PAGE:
In touch with Karlo Margetić

Karlo Margetić would like to thank fellow composer, Jack Body, for ordering him to apply to the Intimacy of Creativity 2013, because if his friend hadn’t, Karlo would have missed out on what he described as a “fantastic opportunity”.

Born in 1987 in Sarajevo in what is now Bosnia and Herzegovina, Karlo’s family moved to New Zealand to escape the Yugoslav wars when he was seven-years old. His musical talent was evident from the moment he picked up the recorder, and he hasn’t looked back since, winning numerous prizes in composition along the way.

With the third edition of IC a mere month away, Karlo shares with us his experiences, his music, and what he hopes to take from the upcoming event.

When did you realize you had a passion for composition?

When I was about twelve. I’d been playing the clarinet for a few years and had discovered the collection of scores and recordings at the Wellington public library, quite a nice collection actually for a non-specialised library. I absorbed it like a sponge, from Bach and Mozart to Lutoslawski and Ligeti and so on. Naturally, I had a go at writing music myself and never really stopped.

Apart from being an active performer and composer, what other activities are you involved in?

Right now, I work in administration at SOUNZ – the centre for New Zealand Music. I teach composition and theory on Saturday afternoons and I also co-direct the SMP Ensemble, a flexible group of musicians and composers in Wellington.

You have had experience being a performer, a composer and a conductor. What have you learned from those experiences, and how do you think those experiences complement each other?

The most important thing I’ve learned from wearing all these different hats is how important it is to be practical. Or at the very least to try and make my ideas as possible to realise as I can, however difficult or unusual they may be. Experiencing what it’s like to conduct, perform, compose and administrate really gives you a sense of respect for what everyone does and I think that’s very important.

Do you have a mentor? What is the most important thing he/ she taught you?

There are actually many people, too many to name, who have taught me useful things, given me brilliant ideas, or wonderful opportunities. I’m a bit of a nightmare student though, always off doing my own thing, so having a formal mentor as such is a bit unworkable. I try to learn as much as I can from everybody, be they my professors, my colleagues or somebody sitting next to me on the bus. Special mention has to go to Debbie Rawson, my clarinet teacher for many years, who persevered despite me regularly bringing in new compositions to show her instead of practicing my scales!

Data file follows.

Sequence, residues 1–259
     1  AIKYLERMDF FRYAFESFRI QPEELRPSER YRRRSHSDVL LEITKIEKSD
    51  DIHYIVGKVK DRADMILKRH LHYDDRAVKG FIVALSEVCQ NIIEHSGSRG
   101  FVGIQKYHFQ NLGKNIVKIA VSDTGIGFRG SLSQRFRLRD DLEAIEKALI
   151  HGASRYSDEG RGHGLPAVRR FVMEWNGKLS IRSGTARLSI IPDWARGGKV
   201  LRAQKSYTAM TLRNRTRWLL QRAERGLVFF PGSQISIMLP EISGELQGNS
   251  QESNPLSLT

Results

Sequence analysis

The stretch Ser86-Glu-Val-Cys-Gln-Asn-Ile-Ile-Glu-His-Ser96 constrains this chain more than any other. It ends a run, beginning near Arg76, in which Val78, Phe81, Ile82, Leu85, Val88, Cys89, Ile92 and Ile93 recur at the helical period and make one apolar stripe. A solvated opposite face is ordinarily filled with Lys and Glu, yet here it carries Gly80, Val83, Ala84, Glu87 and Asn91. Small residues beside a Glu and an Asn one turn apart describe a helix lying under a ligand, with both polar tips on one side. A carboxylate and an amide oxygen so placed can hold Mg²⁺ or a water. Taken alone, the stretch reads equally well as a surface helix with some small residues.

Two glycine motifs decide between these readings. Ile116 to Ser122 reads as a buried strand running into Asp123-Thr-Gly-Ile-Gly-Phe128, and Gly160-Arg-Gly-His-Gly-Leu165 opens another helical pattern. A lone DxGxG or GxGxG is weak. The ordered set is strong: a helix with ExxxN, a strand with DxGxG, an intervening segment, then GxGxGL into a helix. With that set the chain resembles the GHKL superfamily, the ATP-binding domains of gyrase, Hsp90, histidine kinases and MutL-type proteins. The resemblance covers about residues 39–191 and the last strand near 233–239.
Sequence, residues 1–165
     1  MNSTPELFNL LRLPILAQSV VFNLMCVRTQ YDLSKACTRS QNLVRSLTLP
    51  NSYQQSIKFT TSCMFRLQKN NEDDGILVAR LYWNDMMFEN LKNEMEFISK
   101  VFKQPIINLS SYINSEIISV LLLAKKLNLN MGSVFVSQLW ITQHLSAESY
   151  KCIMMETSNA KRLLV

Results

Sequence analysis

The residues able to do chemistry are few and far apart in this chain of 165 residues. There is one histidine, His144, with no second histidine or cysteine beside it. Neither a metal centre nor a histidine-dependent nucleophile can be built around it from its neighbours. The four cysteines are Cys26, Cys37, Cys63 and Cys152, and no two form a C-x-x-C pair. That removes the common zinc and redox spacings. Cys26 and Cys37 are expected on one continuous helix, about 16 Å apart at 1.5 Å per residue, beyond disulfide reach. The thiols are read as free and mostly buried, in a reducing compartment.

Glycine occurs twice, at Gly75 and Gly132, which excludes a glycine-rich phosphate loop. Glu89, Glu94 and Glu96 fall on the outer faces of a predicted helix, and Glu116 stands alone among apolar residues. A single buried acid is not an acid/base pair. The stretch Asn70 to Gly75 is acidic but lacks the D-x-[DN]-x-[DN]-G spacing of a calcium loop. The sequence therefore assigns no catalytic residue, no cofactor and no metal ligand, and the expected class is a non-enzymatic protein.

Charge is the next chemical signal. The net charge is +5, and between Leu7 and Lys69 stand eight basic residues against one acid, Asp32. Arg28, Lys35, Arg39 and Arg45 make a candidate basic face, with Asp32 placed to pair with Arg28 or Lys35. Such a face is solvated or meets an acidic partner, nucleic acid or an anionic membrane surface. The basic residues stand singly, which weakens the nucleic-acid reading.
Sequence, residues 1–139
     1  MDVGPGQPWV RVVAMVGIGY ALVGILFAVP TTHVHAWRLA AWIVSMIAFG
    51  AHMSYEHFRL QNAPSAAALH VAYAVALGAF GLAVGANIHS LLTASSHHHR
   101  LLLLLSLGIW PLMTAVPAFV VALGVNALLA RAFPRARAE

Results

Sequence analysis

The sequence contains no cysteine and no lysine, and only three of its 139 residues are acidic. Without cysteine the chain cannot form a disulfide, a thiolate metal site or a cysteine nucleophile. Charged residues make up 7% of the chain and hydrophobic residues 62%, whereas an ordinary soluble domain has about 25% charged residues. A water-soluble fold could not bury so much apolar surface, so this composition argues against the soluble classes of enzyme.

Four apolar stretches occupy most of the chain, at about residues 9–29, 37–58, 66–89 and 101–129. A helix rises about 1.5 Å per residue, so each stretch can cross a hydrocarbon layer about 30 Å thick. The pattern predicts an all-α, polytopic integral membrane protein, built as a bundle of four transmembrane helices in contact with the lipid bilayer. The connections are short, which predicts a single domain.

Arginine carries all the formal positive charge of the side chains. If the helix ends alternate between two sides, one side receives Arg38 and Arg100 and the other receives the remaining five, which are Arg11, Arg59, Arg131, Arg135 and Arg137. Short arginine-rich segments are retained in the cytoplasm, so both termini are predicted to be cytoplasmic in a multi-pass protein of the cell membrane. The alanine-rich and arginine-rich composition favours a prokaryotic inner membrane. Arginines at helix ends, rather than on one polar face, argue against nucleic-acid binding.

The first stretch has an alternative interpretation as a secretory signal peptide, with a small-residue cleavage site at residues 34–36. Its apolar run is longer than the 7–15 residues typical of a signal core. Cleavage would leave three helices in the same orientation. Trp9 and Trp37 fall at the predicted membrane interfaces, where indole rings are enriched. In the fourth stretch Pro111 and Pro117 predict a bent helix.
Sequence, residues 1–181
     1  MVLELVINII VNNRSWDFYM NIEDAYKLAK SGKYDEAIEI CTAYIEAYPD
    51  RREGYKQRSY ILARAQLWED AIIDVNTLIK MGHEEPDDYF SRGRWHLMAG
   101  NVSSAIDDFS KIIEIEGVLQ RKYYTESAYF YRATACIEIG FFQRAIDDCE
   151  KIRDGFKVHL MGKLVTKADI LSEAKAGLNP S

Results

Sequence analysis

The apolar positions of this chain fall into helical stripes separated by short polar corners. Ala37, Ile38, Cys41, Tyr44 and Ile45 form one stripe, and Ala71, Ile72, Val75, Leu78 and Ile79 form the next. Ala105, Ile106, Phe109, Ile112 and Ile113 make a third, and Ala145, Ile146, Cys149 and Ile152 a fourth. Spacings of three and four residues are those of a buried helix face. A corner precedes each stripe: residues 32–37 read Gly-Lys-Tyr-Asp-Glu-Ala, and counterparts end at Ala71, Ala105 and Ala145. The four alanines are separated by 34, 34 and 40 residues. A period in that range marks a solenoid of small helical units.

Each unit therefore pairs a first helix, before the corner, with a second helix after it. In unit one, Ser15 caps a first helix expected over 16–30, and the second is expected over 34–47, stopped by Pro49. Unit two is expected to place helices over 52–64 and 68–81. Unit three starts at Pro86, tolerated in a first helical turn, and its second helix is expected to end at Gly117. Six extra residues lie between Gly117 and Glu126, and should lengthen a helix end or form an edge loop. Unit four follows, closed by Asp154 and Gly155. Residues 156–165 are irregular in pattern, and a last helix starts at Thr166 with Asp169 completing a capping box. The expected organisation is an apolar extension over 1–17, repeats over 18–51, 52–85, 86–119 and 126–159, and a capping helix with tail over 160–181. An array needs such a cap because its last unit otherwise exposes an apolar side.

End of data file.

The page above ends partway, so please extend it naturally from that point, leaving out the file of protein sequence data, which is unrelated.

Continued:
Why did you apply for IC 2013 and what do you hope to gain from the workshop?

I applied because it looked like a fantastic opportunity! I hope to make some new friends, have some good, in-depth discussions and debates, to discover Hong Kong (I’ve never been there before) and to collaborate with some outstanding musicians.

One of the reasons why Bright Sheng created IC was to bridge the gap between performers and composers. Do you feel that you do not have enough opportunities to connect with performers?

Personally, I do have a lot of contact with performers. As a clarinettist, I’ve been in various orchestras and chamber groups from my early teens, so talking to performers was never a problem for me. However, I often see a concerning disconnect, filled with misconceptions, between composers and performers – we are all musicians after all. Anything that can be done to reunite the two disciplines can only be a good thing.

Can you tell us a bit more about Svitac? When did you write it? Has it been premiered before? What was the inspiration behind it?

I wrote Svitac in 2009 at the request of clarinettist Ellen Deverall. I premiered it in May that year. The origin of the piece is a microtonal trill figure that I improvised one day. It’s the basic building block of the whole piece. The combination of clarinet and piano is a rather problematic one for many reasons, so I wanted to see if I could make the two instruments blend better. My solution was to completely negate the percussive nature of the piano by writing for an upright with a practice pedal so that the sound is transformed into a wash for the clarinet to sit on. The result was quite luminous and strange and reminded me of bioluminescence, so I gave it the title Svitac, which means firefly in Bosnian. It turned out that it wasn’t absolutely necessary to have an upright piano and actually in large halls a grand is preferable.

Why did you dedicate Svitac to Ellen Deverall?

Ellen is a friend from University. When she was studying in the UK she asked me to write her a piece. Most of my pieces are written at the suggestion of performers and I like to acknowledge that.

During the concert, you will be performing your own piece. Have you worked with Mr. Nolan Pearson before?

No, I haven’t. I’ve played Svitac with four different pianists so far and each one has brought something new and interesting to the slightly unorthodox piano part. I’m really looking forward to collaborating with Nolan on this piece.

Apart from IC 2013, what other plans do you have for the year?

Hopefully I’ll be writing a new string quartet and a large orchestral piece, but exact details have not been finalised yet. My group, the SMP Ensemble is planning some very interesting concerts this year and I’ll be helping put those together.

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The Intimacy of Creativity 2013

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